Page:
So we were driving home from San Francisco today (why were we in San Francisco, you ask? Because we were getting my daughter a passport. And why would a 9-year-old need a passport? Because she’s going to Europe with her grandmother for 2 weeks. And why pray tell is she doing that? Because she has a cooler life than I do. Already. At age 9. Thanks for asking).
And…now that we’ve gotten that out of the way, let’s return to the story.
So we pass this one spot on hwy 80 and I’m feeling nostalgic, so I say “Hey Mac. Look. There’s the spot where I inadvertently lit that futon on fire with my cigarette.” He laughed familiarly, having already known about that futon, since we slept on it for a few months when we first met, affectionately naming it “the flaming futon.”
And how exactly does one light a futon on fire with a cigarette you ask?
Well it’s actually quite simple. I was driving home to Davis in my 1986 BMW (in the year 2000) after picking up a futon in Berkeley at my mom’s house, which was now rigged up in the trunk, sticking out the back, wrapped up in blankets to serve as cushions between it and the trunk hood. I believe there were bungee cords involved. Anyway, after smoking a refreshing cigarette, I chucked it out the window as I always did, without any particular thought as I recall. A few minutes passed and I noticed these idiots driving by waving and freaking out and pointing to the rear of my vehicle. At first I thought they were just smitten by my general coolness (being 21 and all), but when it continued I thought I’d glance in my rear view mirror just in case, at which time I noticed something rising above my trunk, looking oddly similar to smoke and flames. So I pulled over and jumped up and down, looking blond and young and cute until somebody stopped and dealt with it for me. I’m pretty sure they just removed the blanket from the contraption and let it burn out, but I’m not totally sure. The futon had some burn marks but was still usable, so I got back in my car and drove home, smoking another cigarette of course, due to the stress.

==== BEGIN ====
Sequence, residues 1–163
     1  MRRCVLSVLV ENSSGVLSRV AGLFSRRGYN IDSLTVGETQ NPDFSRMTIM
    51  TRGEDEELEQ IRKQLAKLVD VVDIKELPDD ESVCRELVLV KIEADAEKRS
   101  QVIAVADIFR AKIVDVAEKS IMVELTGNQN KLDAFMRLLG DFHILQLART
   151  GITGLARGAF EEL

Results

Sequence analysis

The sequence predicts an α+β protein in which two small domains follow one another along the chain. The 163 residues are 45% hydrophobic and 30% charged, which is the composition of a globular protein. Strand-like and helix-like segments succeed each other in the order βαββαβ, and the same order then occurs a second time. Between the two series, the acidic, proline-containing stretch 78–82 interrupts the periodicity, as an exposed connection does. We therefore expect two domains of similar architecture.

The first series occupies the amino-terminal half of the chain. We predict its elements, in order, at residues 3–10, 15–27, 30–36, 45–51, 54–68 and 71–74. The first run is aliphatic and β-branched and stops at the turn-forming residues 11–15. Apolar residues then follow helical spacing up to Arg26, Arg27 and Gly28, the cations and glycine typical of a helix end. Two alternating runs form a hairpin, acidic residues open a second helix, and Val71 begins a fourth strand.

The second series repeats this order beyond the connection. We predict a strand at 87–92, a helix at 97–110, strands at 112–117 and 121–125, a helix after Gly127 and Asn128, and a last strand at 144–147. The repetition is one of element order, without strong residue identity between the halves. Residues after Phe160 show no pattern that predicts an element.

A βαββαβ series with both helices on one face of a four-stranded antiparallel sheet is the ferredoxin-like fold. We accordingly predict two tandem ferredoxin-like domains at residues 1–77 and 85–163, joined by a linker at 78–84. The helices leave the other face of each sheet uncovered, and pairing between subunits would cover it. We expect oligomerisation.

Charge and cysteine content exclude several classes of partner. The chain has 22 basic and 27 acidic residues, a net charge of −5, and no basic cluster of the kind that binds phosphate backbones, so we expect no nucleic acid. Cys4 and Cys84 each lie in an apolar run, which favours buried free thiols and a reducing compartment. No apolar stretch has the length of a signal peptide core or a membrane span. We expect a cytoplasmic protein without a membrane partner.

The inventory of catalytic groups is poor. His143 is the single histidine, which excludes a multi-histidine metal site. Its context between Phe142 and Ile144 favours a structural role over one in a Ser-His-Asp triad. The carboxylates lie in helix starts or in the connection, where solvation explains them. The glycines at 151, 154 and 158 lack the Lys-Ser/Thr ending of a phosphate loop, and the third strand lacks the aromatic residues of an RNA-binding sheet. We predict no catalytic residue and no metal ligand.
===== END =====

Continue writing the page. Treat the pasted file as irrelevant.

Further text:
As I recalled this story I realized that this whole futon-on-fire scenario is really something that only happens to a person when they’re 21. I mean at this age, while I may not be able to envision the exact threat, I would at least suspect vaguely that chucking a lit cigarette out the window while driving with blankets hanging out your trunk is a bad plan. I actually know now that chucking anything out of the car whilst driving (whether lit or not) is a bad plan, but I’ve come a long way so it’s not really fair to compare.
And as I kept thinking about it and we talked about the ‘old days’ it struck me that while I absolutely totally and wholly miss the pert little bottom and flat belly I had at 21, I really do not miss being a complete dipshit. Yeah, I know. Not all 21-year-olds are dipshits. But I WAS a dipshit in every sense of the word and I don’t fully miss it. Now please don’t misunderstand me. I continue to reach new pinnacles of idiocy and erroneous decision-making, but there’s a certain type of ignorance, of naivete, of pure unbridled jackass-ness mixed with childish conceit that thrived when I was 21 or so, walking around all hot (as kids that age do) but accidentally lighting bed frames on fire with cigarettes (ha! nice pun)…then thinking it was all very cute, making up cute names for the cute burned futon with my cute new boyfriend. I don’t miss that.